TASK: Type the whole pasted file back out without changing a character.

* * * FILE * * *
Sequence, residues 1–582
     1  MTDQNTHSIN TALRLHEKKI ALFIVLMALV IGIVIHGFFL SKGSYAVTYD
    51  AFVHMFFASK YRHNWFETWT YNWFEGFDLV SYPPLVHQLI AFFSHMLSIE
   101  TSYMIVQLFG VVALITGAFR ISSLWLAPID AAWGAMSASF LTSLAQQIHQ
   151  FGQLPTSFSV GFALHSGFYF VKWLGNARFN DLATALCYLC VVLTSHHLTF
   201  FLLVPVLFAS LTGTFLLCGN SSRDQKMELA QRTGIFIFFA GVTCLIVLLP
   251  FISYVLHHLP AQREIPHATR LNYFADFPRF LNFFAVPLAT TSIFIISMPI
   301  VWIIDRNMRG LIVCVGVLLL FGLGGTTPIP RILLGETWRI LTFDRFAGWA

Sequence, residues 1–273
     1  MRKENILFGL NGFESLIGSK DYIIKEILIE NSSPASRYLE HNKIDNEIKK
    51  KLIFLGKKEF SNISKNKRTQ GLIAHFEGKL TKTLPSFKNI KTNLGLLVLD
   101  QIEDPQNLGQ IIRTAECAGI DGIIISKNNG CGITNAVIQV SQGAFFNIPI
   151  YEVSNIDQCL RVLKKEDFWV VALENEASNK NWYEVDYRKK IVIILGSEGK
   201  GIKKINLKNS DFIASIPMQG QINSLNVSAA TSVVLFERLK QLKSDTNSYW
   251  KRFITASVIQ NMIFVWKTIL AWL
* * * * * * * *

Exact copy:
Sequence, residues 1–582
     1  MTDQNTHSIN TALRLHEKKI ALFIVLMALV IGIVIHGFFL SKGSYAVTYD
    51  AFVHMFFASK YRHNWFETWT YNWFEGFDLV SYPPLVHQLI AFFSHMLSIE
   101  TSYMIVQLFG VVALITGAFR ISSLWLAPID AAWGAMSASF LTSLAQQIHQ
   151  FGQLPTSFSV GFALHSGFYF VKWLGNARFN DLATALCYLC VVLTSHHLTF
   201  FLLVPVLFAS LTGTFLLCGN SSRDQKMELA QRTGIFIFFA GVTCLIVLLP
   251  FISYVLHHLP AQREIPHATR LNYFADFPRF LNFFAVPLAT TSIFIISMPI
   301  VWIIDRNMRG LIVCVGVLLL FGLGGTTPIP RILLGETWRI LTFDRFAGWA

Sequence, residues 1–273
     1  MRKENILFGL NGFESLIGSK DYIIKEILIE NSSPASRYLE HNKIDNEIKK
    51  KLIFLGKKEF SNISKNKRTQ GLIAHFEGKL TKTLPSFKNI KTNLGLLVLD
   101  QIEDPQNLGQ IIRTAECAGI DGIIISKNNG CGITNAVIQV SQGAFFNIPI
   151  YEVSNIDQCL RVLKKEDFWV VALENEASNK NWYEVDYRKK IVIILGSEGK
   201  GIKKINLKNS DFIASIPMQG QINSLNVSAA TSVVLFERLK QLKSDTNSYW
   251  KRFITASVIQ NMIFVWKTIL AWL